A person with high self-esteem has it because he has exerted the thought and effort necessary to show himself that he is able to deal with reality (hence his self-confidence) and worthy of success and happiness (hence his self-respect). Consequently, he sees himself as efficacious, he sees the world as amenable to his success, and he sees other people as potential if not actual values. His corresponding policy is precisely the one we have induced as objectively correct: He exudes general benevolence and goodwill—unless he has specific reason not to.

As Ayn Rand put it: “One of the highest values to a man of reason and self-esteem is other human beings. Of any category in the universe, human beings are of greatest interest to him.”

If he can deal with men of ability, of moral character, of stature—if he can see in other men that which he values, if he can see in them the virtues he creates in himself—then there is a selfish gain to him, on several counts. On the practical level, it is to his advantage to deal with other independent, productive, intelligent men. On the so-called personal level, it is to his advantage to deal with men he can respect and admire.8

Because any given stranger could be independent, productive, intelligent, and admirable, a man of reason and self-esteem treats strangers with what Rand called “benevolent neutrality”9 and “initial good will in the name of their human potential.”10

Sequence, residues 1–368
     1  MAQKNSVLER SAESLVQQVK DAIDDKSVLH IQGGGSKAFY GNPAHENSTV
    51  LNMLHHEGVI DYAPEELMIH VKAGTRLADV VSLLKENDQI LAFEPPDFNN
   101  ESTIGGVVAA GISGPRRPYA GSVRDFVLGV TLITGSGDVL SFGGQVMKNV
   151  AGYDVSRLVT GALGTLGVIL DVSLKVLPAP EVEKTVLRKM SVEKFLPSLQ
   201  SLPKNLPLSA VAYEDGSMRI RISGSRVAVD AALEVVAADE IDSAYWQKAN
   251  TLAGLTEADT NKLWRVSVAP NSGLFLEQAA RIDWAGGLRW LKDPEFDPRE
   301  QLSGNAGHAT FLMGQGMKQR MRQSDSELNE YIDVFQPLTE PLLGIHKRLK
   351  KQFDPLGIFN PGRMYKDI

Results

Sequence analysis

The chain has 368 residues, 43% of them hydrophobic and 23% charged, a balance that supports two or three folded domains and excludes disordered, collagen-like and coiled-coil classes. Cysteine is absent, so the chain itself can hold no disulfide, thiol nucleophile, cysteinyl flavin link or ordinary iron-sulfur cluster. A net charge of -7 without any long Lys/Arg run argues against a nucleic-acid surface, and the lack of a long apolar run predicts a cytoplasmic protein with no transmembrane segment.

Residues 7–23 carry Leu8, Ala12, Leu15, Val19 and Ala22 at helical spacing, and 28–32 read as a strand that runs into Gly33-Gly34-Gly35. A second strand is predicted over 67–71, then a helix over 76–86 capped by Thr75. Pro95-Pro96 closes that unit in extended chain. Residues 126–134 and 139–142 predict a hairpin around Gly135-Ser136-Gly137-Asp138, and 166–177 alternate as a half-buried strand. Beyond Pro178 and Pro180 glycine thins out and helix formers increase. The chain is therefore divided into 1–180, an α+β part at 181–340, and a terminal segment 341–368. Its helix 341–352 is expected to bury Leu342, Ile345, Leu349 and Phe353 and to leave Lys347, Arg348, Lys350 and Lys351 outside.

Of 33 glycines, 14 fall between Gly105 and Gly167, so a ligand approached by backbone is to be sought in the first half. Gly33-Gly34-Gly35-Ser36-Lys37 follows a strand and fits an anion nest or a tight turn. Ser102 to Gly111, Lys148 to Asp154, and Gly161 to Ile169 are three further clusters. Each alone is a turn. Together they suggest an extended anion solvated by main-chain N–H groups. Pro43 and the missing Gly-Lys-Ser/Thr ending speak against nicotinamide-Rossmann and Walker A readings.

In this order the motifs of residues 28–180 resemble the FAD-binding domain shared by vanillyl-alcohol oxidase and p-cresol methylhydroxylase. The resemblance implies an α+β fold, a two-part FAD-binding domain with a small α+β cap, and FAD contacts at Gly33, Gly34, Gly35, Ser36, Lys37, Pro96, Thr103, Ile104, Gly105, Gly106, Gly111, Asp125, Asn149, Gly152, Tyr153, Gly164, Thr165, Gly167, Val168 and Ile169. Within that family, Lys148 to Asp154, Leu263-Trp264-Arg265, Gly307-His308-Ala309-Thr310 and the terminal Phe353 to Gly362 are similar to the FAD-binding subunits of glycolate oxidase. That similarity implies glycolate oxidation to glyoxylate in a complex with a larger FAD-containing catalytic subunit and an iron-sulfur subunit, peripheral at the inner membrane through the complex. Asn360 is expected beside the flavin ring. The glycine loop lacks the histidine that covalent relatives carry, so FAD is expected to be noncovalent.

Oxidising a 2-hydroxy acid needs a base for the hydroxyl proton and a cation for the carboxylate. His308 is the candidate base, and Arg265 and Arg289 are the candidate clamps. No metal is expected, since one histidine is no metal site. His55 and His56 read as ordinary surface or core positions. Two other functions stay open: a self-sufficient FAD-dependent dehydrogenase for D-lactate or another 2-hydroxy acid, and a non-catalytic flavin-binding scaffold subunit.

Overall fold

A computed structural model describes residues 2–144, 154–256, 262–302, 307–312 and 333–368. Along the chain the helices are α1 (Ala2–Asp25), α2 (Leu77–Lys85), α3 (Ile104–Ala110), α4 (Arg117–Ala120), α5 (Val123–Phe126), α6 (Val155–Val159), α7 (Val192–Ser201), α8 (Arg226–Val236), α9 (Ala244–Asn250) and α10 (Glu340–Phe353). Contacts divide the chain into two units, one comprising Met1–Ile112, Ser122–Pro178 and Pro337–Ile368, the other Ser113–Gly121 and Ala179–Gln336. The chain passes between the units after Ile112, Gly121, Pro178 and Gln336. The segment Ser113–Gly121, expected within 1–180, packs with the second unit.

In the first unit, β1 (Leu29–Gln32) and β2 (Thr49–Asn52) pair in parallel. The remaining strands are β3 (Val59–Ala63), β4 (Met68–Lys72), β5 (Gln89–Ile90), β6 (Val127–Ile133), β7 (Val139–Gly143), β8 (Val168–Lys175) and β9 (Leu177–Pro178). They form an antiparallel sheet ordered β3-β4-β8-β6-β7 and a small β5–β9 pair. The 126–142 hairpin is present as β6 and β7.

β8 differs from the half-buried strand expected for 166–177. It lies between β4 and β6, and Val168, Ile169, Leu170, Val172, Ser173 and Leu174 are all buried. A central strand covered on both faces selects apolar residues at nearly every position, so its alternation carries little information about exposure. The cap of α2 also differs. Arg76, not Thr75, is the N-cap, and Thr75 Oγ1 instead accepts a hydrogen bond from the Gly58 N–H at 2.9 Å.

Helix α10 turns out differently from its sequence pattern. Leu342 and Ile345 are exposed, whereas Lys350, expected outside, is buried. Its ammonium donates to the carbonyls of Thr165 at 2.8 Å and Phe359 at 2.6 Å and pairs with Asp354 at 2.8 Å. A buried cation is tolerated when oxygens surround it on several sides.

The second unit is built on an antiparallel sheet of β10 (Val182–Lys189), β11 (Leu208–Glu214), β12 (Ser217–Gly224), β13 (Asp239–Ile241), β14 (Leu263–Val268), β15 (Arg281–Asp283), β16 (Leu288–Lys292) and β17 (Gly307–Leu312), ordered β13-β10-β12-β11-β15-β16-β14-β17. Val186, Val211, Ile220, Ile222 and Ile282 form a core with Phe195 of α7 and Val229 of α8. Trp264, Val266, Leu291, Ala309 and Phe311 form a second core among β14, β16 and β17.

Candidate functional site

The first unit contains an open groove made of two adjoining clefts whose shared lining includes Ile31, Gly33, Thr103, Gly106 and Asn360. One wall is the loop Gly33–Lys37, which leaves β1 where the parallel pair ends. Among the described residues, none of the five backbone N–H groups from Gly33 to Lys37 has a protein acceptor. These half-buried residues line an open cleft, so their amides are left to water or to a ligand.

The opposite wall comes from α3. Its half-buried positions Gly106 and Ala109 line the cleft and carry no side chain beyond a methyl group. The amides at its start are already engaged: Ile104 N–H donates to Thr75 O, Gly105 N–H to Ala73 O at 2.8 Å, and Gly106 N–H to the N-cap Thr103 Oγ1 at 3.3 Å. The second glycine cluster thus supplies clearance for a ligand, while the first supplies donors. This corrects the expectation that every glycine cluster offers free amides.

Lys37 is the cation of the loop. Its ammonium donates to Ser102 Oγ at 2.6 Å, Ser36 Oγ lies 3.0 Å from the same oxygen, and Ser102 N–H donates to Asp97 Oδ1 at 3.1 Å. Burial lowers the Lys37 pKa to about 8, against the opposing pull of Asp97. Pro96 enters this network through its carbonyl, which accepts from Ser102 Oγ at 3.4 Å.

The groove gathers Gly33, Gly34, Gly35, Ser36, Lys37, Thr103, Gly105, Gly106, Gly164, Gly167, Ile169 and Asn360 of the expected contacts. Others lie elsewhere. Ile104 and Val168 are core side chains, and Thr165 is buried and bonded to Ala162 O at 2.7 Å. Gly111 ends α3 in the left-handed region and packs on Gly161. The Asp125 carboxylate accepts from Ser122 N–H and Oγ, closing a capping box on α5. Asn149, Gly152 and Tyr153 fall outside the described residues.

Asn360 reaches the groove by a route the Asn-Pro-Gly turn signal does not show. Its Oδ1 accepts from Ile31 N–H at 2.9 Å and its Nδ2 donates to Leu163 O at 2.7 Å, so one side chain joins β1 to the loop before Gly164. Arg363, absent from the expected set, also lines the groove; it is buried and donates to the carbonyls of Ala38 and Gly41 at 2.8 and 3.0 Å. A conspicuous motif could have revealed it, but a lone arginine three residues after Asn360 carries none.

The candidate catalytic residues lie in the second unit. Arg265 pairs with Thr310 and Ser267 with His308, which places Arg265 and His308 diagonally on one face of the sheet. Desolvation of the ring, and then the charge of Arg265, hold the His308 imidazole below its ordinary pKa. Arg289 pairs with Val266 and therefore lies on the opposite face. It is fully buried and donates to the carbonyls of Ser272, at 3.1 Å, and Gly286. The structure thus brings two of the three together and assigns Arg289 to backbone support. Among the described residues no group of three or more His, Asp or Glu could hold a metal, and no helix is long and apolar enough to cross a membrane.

People who lack self-esteem (or have low self-esteem) have no such policy—or, if they do have such a policy, they have trouble upholding it. They often treat others poorly because doing so makes them temporarily feel big whereas their lack of self-esteem makes them characteristically feel small. This observation has important implications for egoists, because we don’t want to get involved in any substantial way with such people.

Self-esteem is a major indicator of one’s psychology, character, and trustworthiness. People who have high self-esteem can make good lovers, good friends, good business partners, good babysitters, even good politicians. People who lack self-esteem (or have low self-esteem) cannot. Of course, anyone can choose to change: A person who lacks self-esteem can choose to begin thinking and acting rationally and thus to raise his self-esteem over time. And if he does, eventually he can join the ranks of the trustworthy. But until he does, egoists should beware.

So we might broaden Dave Barry’s idea and call it the “selfish benevolence rule”: A person who is unkind to others for no good reason lacks self-esteem; thus, if you must engage with him, beware.

As rational egoists, we want to live in a world where people are kind and considerate unless they have good reason not to be. And we have the best reason in the world to want this: Human beings can be and often are enormous values to us, to our friends, and to our loved ones. Thus treating people kindly unless we have good reason not to—and expecting others to do the same—is a matter of rational self-interest.

Let’s set our sights on generosity.

Selfish Generosity

As noted earlier, generosity consists in giving more than the recipient has reason to expect or a right to demand. Specifically, it involves giving a person (or organization) money, time, expertise, information, or some other significant value. When might such an action be in our self-interest? When (a) we regard the recipient as worthy—and (b) we see the act of generosity as consistent with our rational hierarchy of values and thus as non-sacrificial.